Lead Text: 
Native hackers make up for what they lack in technical skills with greater knowledge of local culture

An emergent class of home-grown threat actors pose new risks to regional organisations, security experts contend.

Though not as technically shrewd as their counterparts in Asia and Eastern Europe, The regional hackers are more dangerous, based on their knowledge and understanding local cultural and organisational landscape.

Typically, a phishing campaign originating from foreign countries, will be very generic and usually in English while targeting a largely Arabic-speaking populace, notes Ghareeb Saad, senior security researcher, Global Research & Analysis Team, Kaspersky Lab. That negates its effectiveness. But when attackers are able to customise the message to local topics targets are familiar with, the likelihood of opening that unfamiliar link rises. The native hackers also understand where to find exactly what they are looking for, for instance which entity in the region is important and what information they can get it from it, Saad notes.

Citing Kaspersky Lab research, Saad notes META countries are emerging as major sources of malware, with Turkey ranking 28th globally in 2016 while Algeria emerges as one of the major new hacking hotspots globally. 

Further, the barrier to entry for attacks has gone down considerably due to the rise of online marketplaces for malware. Exploits markets are thriving in the dark web with exploits running for as much as 1.5 million dollars for iOS while other platforms’ sell for considerable less.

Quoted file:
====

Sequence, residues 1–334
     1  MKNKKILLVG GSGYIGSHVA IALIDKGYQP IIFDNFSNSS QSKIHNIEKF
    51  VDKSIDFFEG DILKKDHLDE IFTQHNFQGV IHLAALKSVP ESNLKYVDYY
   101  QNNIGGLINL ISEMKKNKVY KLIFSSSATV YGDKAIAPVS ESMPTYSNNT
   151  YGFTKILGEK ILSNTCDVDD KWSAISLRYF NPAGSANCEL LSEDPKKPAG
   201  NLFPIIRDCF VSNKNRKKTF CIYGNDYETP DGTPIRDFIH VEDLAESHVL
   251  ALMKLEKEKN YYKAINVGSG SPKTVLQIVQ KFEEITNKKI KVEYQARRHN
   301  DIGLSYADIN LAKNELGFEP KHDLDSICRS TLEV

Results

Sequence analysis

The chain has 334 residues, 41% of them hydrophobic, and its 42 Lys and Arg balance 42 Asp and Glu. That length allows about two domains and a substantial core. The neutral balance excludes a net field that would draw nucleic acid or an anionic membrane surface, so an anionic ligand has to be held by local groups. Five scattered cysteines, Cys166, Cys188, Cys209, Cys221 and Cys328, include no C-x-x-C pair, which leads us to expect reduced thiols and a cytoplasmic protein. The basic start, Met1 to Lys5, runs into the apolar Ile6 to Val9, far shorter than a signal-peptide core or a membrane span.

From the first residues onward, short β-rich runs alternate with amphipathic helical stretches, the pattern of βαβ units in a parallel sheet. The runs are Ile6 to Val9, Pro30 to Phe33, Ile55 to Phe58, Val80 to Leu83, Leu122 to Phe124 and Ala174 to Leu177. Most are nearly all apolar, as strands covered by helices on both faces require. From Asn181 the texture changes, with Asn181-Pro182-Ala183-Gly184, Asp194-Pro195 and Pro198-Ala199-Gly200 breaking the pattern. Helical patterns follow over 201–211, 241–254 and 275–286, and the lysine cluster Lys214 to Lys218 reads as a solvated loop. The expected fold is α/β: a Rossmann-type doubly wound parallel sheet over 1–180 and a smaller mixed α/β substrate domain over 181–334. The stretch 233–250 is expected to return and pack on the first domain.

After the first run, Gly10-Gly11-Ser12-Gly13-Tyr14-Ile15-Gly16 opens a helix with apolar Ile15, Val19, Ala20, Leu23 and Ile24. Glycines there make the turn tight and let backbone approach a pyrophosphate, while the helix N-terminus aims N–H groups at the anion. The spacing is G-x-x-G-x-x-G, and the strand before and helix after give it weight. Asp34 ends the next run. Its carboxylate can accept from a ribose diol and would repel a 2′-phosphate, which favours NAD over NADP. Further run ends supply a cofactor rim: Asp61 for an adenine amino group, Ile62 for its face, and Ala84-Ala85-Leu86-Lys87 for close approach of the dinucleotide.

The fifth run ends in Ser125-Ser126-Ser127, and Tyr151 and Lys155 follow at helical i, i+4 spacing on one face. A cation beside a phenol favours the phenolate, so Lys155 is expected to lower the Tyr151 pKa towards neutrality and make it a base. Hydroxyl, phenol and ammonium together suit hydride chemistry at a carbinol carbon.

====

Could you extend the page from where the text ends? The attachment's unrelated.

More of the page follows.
A good example of this is the emergence of ransomware-as-a-service. For ransomware, you need a certain level of hacking sophistry and in possession of the right infrastructure. The as-a-service model overcomes this barrier, with regional cybercriminals now able to rent exploit kits for relatively modest financial and technical resources. This means the region is due to experience a rise in such attacks in the region, warns Saad.

Hand in hand with this is the fact that ransomware attacks are emerging as targeted attacks, doing away with nondescript phishing attacks of the past, Saad notes.

In response, Kaspersky Lab, and other partners, have launched the “No More Ransomware” project, with the goal of helping victims of ransomware retrieve their encrypted data without having to pay the criminals.

Kaspersky Lab has contributed with decryption tools available for free on the No More Ransomware website for victims to decrypt files encrypted by some of the many notorious ransomware purveyors.

However, Saad says prevention will be better than a cure any time. “Backup files, update applications and avoid opening unknown and suspicious links.”

Shamoon which crippled IT systems at Saudi targets brought to light wiping and wiping malware, where attackers are concerned with destruction as opposed to a financial motive. Since the malware also tends to be file less, it eliminates traces of a threat actor’s presence on the network, further complicating analysis of the attack.